Ozone UV Photometric T-API 400E NOx Chemiluminescence T-API 200E Methane/THC/NMHC FID Baseline-Mocon 9000 PM2.5, PM10, PM10-2.5 Beta Attenuation BAM 1020 Speciated VOC TO-14 Canister

    w/expanded PAMS list of analytes

    GC/FID

    WS, WD, Temp., RH, BP,Solar Rad.,Precip.

    Various Various

    Jonah Field Mobile Trailer

    Ozone UV Photometric Thermo 49i

    NOx Chemiluminescence Thermo 42i

    Speciated VOC TO-14 Canister w/expanded PAMS list of analytes

    GC/FID

    WS, WD, Temp. Various Various

    Boulder Special Measurements

    True NO2 Chemiluminescence T-API 200EU w/Photolytic Converter

    NOy Chemiluminescence T-API T200U w/501Y NOy Converter

    Methane/TNMHC FID Baseline-Mocon 9000

    Speciated VOC TO-14 Canister w/expanded PAMS list of analytes

    GC/FID

    WDEQ Long-Term Monitoring Sites

    Ozone UV Photometric T-API 400E/400A NOx Chemiluminescence T-API 200E/200A PM10 Tapered Element

    Oscillating Microbalance Beta Attenuation Monitor

    TEOM 1400a (Daniel, Boulder, South Pass) BAM 1020(Moxa and Wyoming Range)

    PM2.5 Beta Attenuation BAM 1020 (Pinedale & Wyoming Range)

    SO2 Pulsed Fluorescence Thermo 43i (Moxa)

    TUVR Incoming and reflected short wave radiation Eppley TUVR (Boulder & Moxa)

     

     

  •   

    USWOS 2013  2-5 MSI  

    Table 2-1 Continued

    Summary of Measurement Methods Used During UGWOS 2013

    Platform

    Measurement

    Instrumentation

    Method Model

    Mini-SODAR

    Upper Level Winds Doppler Sodar ASC 4000 mini-SODAR Mixing Height Doppler Sodar ASC 4000 mini-SODAR Surface wind speed, wind direction, temp., RH, pressure and precip. detection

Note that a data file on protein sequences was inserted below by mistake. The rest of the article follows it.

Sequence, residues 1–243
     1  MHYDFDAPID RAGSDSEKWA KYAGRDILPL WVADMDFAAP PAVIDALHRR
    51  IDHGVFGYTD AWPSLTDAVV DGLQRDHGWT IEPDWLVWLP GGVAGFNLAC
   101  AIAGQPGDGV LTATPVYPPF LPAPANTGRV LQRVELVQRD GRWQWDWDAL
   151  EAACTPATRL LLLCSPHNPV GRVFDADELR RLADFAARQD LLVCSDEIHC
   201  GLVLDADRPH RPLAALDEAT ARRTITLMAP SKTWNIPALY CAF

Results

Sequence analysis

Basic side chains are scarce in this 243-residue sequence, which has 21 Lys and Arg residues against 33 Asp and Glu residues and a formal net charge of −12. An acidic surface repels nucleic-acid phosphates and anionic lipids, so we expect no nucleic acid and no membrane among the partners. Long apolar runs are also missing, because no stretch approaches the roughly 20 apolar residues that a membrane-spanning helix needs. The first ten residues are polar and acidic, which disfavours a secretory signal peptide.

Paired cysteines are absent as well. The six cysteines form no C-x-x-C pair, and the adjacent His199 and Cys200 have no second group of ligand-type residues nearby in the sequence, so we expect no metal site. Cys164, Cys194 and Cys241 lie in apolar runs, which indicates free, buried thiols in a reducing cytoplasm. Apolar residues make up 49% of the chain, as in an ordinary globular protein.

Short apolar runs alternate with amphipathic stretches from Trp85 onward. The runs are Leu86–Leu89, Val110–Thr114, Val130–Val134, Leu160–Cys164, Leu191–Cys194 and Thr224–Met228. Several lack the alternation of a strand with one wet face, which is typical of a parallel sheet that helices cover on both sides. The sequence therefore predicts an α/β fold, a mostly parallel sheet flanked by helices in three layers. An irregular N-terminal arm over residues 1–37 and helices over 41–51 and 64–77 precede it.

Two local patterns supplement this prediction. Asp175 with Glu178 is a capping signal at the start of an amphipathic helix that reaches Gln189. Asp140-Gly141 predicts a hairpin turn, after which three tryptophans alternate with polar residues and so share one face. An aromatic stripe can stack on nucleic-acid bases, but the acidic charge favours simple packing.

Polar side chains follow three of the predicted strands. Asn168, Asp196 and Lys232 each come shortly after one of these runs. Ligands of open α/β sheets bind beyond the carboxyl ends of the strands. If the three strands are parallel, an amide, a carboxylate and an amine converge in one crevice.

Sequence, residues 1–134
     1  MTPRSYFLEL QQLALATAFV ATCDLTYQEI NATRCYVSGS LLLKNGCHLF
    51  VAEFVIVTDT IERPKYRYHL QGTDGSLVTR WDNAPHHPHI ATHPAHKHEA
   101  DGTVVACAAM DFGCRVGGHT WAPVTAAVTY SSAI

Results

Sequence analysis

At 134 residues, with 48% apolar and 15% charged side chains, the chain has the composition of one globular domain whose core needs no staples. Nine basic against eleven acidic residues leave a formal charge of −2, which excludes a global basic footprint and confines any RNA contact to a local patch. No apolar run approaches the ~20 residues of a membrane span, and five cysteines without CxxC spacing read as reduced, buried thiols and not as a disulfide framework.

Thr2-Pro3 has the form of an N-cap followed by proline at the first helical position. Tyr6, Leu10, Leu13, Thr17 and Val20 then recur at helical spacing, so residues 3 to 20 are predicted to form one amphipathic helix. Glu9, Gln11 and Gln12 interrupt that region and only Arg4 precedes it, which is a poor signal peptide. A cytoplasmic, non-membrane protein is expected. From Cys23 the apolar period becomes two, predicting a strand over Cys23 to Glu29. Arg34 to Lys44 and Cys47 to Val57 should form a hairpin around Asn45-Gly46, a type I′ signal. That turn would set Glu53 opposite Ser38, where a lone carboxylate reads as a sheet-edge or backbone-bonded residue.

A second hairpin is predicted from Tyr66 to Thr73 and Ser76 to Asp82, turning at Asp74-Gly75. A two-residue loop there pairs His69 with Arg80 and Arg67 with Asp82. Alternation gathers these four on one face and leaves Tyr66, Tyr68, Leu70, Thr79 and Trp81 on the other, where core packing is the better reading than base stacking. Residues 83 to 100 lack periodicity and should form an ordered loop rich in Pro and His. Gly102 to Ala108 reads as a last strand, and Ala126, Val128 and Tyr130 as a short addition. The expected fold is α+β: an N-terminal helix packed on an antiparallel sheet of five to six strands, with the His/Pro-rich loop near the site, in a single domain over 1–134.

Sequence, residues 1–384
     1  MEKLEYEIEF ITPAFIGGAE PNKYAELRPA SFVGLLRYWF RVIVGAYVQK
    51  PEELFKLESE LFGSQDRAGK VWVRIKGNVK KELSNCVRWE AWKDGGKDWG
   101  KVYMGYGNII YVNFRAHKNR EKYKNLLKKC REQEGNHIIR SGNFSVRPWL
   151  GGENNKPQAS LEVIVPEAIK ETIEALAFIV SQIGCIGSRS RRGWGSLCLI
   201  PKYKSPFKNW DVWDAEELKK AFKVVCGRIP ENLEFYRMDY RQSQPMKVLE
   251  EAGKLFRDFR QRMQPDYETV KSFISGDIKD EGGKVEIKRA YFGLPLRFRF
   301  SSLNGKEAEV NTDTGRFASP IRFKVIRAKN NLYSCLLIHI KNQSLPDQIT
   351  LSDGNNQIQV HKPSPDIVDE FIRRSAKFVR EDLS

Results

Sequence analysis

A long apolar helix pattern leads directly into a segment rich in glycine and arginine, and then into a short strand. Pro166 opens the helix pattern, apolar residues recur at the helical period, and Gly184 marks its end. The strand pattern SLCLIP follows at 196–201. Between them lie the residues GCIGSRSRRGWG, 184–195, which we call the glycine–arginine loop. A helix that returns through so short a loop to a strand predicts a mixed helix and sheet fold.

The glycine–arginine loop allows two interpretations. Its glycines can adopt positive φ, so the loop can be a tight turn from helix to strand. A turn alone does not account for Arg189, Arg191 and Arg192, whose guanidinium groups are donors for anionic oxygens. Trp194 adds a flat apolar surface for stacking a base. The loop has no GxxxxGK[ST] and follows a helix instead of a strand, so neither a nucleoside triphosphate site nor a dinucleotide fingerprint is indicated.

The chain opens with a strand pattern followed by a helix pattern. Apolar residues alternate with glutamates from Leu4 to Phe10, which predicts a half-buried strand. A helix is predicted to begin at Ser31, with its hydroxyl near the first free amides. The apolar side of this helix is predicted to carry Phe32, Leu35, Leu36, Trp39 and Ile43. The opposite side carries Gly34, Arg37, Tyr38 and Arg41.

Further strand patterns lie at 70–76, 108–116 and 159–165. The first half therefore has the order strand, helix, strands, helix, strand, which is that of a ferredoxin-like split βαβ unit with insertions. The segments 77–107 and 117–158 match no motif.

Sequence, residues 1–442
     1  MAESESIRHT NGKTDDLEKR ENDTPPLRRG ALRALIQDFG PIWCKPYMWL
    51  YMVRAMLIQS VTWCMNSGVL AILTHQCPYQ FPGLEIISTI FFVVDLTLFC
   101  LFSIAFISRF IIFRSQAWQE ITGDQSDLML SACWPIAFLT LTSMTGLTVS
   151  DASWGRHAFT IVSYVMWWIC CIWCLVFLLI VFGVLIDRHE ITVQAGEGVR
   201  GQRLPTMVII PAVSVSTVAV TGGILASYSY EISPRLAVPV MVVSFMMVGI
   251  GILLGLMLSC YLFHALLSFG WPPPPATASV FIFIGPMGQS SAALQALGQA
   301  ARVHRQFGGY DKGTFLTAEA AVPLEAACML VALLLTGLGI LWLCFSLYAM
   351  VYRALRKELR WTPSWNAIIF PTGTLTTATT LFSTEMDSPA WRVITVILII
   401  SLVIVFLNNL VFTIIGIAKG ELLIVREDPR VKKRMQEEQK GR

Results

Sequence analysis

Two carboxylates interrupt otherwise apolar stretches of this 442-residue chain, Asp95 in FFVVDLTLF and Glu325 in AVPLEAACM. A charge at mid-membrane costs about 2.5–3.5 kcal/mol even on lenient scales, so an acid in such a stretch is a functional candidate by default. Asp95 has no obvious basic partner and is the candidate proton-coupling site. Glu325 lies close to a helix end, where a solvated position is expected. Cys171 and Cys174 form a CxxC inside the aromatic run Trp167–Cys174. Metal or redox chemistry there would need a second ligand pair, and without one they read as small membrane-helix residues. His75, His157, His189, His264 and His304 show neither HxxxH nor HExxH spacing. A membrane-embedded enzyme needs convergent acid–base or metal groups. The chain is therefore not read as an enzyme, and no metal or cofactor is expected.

Integrated sonic anemometer, thermistor, RH and pressure sensors with separate precip. detection sensor

    Vaisala WXT-510

    Mesonet Sites

    Wind Speed Propeller Anemometer RM Young 05305 Wind Direction Vane RM Young 05305 Temperature Thermistor Probe CSI 109 Ozone UV Photometric 2B Technologies, 202 Speciated VOC TO-14 Canister

    w/expanded PAMS list of analytes

    GC/FID

    Ozonesonde/Radiosonde Ozone /Meteorology Vertical Profiles

    Electrochemical Conc. Cell Balloon-Borne Ozone/Radiosonde

    EN-SCI Model 2Z ECC Ozonesonde iMet-3050 403 MHz GPS Upper Air Sounding System

    2.1.3 UGWOS Website

    The UGWOS website was again hosted by MSI for the 2013 field study and allowed

    remote access to near real-time station data for all UGWOS and UGRB long-term monitoring

    sites. An example of the UGWOS web-site home page with the most current ozone

    concentrations and web-site menu is presented in Figure 2.2 below. The web-site displayed near

    real-time ozone and meteorological information for the following stations:

    Wyoming Range

    Pinedale

    Daniel

    Boulder

    Juel Springs

    Jonah Field

    Warbonnet

    Mesa

    Paradise

    Moxa

    Big Piney

    South Pass

  •   

    USWOS 2013  2-6 MSI  

    Figure 2.2 Current Ozone Concentrations with Website Menu

  •   

    USWOS 2013  2-7 MSI  

    In addition to continually updated ozone information, wind speed, wind direction, and

    temperature data were displayed on similar pages. Data were plotted on a project base map and